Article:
Serving the campus of the University of Alabama since 1894

The Crimson White

Serving the campus of the University of Alabama since 1894

The Crimson White

Serving the campus of the University of Alabama since 1894

The Crimson White

Opinion | Shopping with small businesses is rewarding in more ways than one

CW / Abby Cope
Ernest and Hadley Booksellers is one of many local businesses students can support over the summer.

With warmer air, later sunsets and much emptier streets, it’s obvious throughout Tuscaloosa that it’s summertime. 

Tuscaloosa is a major tourist attraction during football season, with local restaurants seeing lines out the door and boutiques flooding with fans looking to fill their time. But just because the season ends doesn’t mean shop doors close. 

Many local businesses rely on local customers and students to keep their sales going. As noted in interviews by Culture Editor Ava Morthland, many businesses in Tuscaloosa depend on bringing in high sales during football season to keep their businesses alive during the summer months.  

Though many students go home during summer, The University of Alabama still has students registered for on-campus courses during the summer terms.

Tuscaloosa is filled with stores and shops that have been here and only here for years, yet we as students still often opt to shop online or at chain retail locations. Though the convenience and reliability of these options is attractive, it isn’t sustainable for our fellow community members. 

Living in a college town is an opportunity to meet people from all different parts of the world with different outlooks and insights. With only four years spent in Tuscaloosa, why waste them going places we can find anywhere? 

Ernest and Hadley Booksellers is a prime example of this. Established in December 2016, Ernest and Hadley has been supplying Tuscaloosa with books and a sense of community for almost nine years now.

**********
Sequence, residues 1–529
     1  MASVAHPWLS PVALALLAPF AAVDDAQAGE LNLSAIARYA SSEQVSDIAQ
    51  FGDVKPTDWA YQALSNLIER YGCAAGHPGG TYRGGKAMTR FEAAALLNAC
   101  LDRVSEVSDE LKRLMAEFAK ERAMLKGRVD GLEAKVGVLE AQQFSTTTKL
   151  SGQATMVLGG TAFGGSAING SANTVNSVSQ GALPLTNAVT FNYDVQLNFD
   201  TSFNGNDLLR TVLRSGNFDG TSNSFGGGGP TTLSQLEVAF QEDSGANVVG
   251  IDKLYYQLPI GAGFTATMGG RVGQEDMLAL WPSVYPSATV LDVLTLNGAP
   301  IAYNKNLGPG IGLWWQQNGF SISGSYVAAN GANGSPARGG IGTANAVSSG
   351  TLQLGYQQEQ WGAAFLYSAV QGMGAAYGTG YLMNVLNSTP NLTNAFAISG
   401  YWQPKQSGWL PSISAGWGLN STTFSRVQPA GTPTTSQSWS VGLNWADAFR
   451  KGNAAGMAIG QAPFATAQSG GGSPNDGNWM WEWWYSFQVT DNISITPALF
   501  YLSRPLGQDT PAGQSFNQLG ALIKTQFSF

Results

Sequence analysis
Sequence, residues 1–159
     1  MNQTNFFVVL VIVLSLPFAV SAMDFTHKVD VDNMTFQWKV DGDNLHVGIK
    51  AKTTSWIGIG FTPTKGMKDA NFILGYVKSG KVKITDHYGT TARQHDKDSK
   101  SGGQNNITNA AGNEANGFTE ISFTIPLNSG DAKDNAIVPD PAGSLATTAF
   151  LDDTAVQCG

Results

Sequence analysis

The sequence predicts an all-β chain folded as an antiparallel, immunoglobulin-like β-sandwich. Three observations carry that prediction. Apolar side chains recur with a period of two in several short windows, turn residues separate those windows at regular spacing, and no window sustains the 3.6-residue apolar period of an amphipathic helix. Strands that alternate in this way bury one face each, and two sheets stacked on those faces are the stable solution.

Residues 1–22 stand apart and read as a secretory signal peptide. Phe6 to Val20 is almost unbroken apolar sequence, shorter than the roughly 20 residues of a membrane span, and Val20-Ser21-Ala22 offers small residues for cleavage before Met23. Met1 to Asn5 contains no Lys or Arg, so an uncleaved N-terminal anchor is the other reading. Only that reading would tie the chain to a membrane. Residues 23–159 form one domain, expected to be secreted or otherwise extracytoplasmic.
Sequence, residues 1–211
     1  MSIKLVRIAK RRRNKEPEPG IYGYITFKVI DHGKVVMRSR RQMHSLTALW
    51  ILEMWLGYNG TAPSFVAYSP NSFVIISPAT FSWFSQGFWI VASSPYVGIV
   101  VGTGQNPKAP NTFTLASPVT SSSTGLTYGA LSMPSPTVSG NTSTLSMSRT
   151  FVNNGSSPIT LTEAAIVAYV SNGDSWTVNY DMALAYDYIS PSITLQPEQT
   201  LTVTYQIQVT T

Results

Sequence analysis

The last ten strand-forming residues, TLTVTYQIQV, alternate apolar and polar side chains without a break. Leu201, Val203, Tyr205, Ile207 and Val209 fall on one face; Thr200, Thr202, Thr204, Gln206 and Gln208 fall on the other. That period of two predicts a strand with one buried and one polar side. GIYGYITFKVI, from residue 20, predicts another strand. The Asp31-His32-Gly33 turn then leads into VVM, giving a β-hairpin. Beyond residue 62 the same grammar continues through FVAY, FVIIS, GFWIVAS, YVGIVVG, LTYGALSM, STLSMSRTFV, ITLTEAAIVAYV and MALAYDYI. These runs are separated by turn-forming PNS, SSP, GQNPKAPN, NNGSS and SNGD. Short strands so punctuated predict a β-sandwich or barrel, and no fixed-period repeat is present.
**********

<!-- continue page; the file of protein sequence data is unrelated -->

Located at 1928 Seventh Street, the bookstore is a hidden gem of Tuscaloosa. Co-owner Avery Leopard gave me some backstory on their family business.

“Before we even had the location, my mom was always working on the business,” Leopard said. 

Leopard’s parents were on a trip in Paris when her mother took a picture of her father standing under an ‘Ernest and Hadley’ sign, referring to Ernest Hemingway and his wife. Leopard’s mother quickly told her husband that she had decided to make that the name of her store.

“To which my dad said, ‘What store?’” Leopard said. “My mom will get lots of ideas and forget to tell us. When they got back my mom told me about her idea.”

Owners Eatsy and Ian were able to keep the sign, which now is proudly on display at the store as a reminder of their happy place.”

Leopard understands the importance of supporting the local community. He holds in-person and virtual book clubs, with many readings focused on works of local and west Alabama natives. The bookstore even has an entire section dedicated to books written by local authors. 

Leopard has many favorite memories with the store, almost all being with her family. “It’s been truly wonderful getting to work with family; that was the whole reason I came back here to Tuscaloosa.” 

Community members have been very supportive of the store, and without them, Leopard said  the store wouldn’t still be open.

Like Ernest and Hadley, Crux Climbing is a small business run by people with a big heart. First opening its doors in February 2021, Crux Climbing is a rock climbing gym run by Jackson Scott. 

“Owning and running a business has changed me drastically,” Scott said. “I’m not one to be overly talkative and outgoing; I tend to be an introvert. It helps me be able to talk to people with ease, everyone is so friendly. It’s helped me be more social. In the beginning, I definitely struggled, but I’ve been able to meet everyone that comes and share with them my passion for climbing.”

Scott said he has found great support in the climbing community, more real support than can be found in just a harness. 

“A lot of people don’t know what to expect with climbing,” Scott said. “You’re getting a good workout in, but it’s like a mental puzzle as well. And you’re not competing with people. Everyone’s lifting you up, trying to help you achieve. That’s my favorite part.”

Small businesses are the backbone of a local community. The people who run them are full of life and lessons and are just waiting to share with those who walk through their doors.  Tuscaloosa is filled with these hard-working people who passionately serve community members with their own special talents and interests. 

Though it can be easier to shop from a store you’re already familiar with, it can be far more rewarding to shop small.

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